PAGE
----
One of the greatest gifts of meditation is that we develop the habit of stabilizing our ability to be in the present moment and have the opportunity to bring more awareness to our every day interactions. This week’s meditation practices were gentle reminders to explore our capacity to bring our full attention to tasks that we often do in a hurried way, like the dishes, and encouraged us to slow down enough to have a singular focus on pleasurable events like drinking a cup of tea.
When we get into the habit of being more mindful as we move throughout our day, it helps us further our mediation practice. By taking our practice “off the cushion” and adapting it to daily life, we can weave our ability to stay present into our routines. Sometimes, through this work, we learn about ourselves and can explore and rethink habituated reactions and routines.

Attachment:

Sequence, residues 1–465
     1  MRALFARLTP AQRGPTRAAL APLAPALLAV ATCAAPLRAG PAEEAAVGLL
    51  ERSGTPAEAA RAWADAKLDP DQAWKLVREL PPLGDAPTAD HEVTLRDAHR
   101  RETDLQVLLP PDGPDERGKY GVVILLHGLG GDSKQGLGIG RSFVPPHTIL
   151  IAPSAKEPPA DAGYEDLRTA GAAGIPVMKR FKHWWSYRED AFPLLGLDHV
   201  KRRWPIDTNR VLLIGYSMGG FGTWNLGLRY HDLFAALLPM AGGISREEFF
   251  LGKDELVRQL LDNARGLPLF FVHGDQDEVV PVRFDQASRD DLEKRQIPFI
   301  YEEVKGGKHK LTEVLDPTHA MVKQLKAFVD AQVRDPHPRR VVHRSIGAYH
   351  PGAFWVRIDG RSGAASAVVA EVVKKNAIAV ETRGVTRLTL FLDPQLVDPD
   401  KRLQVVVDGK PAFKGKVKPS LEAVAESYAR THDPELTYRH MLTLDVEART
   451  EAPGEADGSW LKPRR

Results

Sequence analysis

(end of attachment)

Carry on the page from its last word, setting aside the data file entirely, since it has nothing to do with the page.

It was fun to be reminded of Thich Nhat Hanh’s example of using the ringing of a telephone as a cue to enjoy a few moments of mindfulness. An old college boyfriend had a rule of answering the phone on the second and a half ring. In his image conscious mind, it was a long enough time to wait to make it seem like you weren’t sitting by the phone, but short enough that you wouldn’t miss the call, and, to us, it became a fun game. I use his phone answering method to this day, mostly to amuse myself with this consciously chosen habit, but also because at some point I realized that it gave me a few moments to shift my attention from what I had been doing to a more present state for the person who required my attention. A perfect opportunity to bring mindfulness to communication.
Thank you, Sharon!